Sebaceous Glands in Dogs

Your dog's sebaceous glands are tiny glands just underneath the surface of his skin. When functioning correctly, these glands work to produce an oil called sebum that helps to keep the skin lubricated. Unfortunately, however, there are a number of problems that can develop in your pet's sebaceous glands, including overactivity. When your pet has overactive sebaceous glands, he will develop growths on the surface of his skin which may appear to be warts or other types of cysts.

Symptoms of Overactive Sebaceous Glands

Although overactive sebaceous glands are typically not a major medical concern for your pet, it's important that you recognize them if they affect your dog. You should be concerned by any growth or unusual skin condition that develops on your dog's body, and it's therefore important that you take action quickly to diagnose the problem. If you notice any of the following symptoms, take your pet in to the vet's office for a full examination and diagnosis:

  • Bleeding from the skin without sign of injury
  • Pus or other discharge from bumps on the skin
  • Cauliflower-shaped growths on the skin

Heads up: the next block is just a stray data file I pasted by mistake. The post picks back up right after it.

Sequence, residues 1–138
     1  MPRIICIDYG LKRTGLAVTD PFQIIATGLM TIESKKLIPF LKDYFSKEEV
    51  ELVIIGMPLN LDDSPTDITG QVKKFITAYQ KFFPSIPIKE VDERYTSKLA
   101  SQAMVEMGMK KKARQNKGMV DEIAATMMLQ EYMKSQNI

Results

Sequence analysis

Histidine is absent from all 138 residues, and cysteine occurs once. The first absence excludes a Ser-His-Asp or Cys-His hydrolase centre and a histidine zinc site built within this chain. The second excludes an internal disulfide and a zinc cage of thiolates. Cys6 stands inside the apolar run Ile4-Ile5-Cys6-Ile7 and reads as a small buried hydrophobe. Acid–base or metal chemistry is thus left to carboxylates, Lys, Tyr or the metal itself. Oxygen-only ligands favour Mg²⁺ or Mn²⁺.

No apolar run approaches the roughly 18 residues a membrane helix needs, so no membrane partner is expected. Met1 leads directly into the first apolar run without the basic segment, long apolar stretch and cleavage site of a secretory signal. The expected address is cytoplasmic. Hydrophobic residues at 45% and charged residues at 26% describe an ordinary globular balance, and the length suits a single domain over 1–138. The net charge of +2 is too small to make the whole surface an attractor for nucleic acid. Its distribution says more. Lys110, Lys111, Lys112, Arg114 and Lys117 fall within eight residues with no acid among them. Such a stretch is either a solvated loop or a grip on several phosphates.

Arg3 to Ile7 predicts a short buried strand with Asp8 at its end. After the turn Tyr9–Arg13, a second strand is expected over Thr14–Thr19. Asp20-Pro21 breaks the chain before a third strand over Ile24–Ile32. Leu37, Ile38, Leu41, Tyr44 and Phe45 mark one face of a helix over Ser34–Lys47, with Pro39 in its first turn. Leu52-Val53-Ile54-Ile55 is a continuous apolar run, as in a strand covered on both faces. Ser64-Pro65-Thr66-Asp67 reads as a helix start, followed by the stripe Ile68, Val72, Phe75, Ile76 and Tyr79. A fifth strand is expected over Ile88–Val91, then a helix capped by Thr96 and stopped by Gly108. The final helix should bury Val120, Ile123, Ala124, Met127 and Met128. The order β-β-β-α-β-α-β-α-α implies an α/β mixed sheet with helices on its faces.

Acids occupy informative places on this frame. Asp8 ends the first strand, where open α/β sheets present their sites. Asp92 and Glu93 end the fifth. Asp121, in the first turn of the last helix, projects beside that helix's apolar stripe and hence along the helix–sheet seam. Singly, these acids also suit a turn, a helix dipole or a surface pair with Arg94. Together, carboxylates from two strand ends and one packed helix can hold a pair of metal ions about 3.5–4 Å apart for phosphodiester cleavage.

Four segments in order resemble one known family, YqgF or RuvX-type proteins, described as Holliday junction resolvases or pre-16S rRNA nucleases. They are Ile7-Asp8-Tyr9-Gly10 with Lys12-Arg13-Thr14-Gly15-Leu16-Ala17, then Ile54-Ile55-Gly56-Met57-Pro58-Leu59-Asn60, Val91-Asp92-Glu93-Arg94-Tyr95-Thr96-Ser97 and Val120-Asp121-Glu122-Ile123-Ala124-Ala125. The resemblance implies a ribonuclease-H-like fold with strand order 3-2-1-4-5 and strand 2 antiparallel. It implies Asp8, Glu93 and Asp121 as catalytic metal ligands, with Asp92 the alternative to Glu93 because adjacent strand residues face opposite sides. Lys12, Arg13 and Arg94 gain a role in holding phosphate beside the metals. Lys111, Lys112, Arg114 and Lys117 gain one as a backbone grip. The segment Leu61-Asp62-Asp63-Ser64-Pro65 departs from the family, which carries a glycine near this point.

• Excessive biting or scratching at parts of the skin

When Action Is Necessary

In most cases, sebaceous gland growths will not cause your pet any discomfort and are completely benign. For these situations, you actually put your pet more at risk by attempting to remove the growths than by leaving them alone, and most veterinarians will recommend leaving the growths as they are. You will need to continue to monitor them to be sure that they don't develop into a dangerous condition, however.

Cases in which you will need to remove sebaceous gland growths from your pet's skin include times in which those growths are bleeding or discharging pus. Additionally, if the growths have occurred in places that are sensitive for your pet or which may disrupt other functions, like on his eyelids or in or around his mouth and nose. Finally, vets will oftentimes recommend that you remove these growths if your pet is picking, biting, or chewing on them. Your pet can cause himself a variety of other problems by continuing this behavior.

Treating Sebaceous Gland Growths in Dogs

The primary treatment for growths that develop as a result of overactive sebaceous glands is surgery. Local anesthetic is typically used, and the procedure is relatively simple and will not require an overnight stay in the hospital. You'll need to provide your pet with post-operative care while his wounds heal, and return trips to the veterinarian will be necessary in order to ensure that your pet doesn't suffer from any secondary infections or other complications from the surgical procedure.

Sebaceous gland growths and overactivity is most common in older pets, but it can occur in dogs of any age or breed. Both genders are equally likely to develop problems of this nature. By diagnosing your pet's sebaceous gland problems early, you can be sure that he isn't suffering from a more serious condition.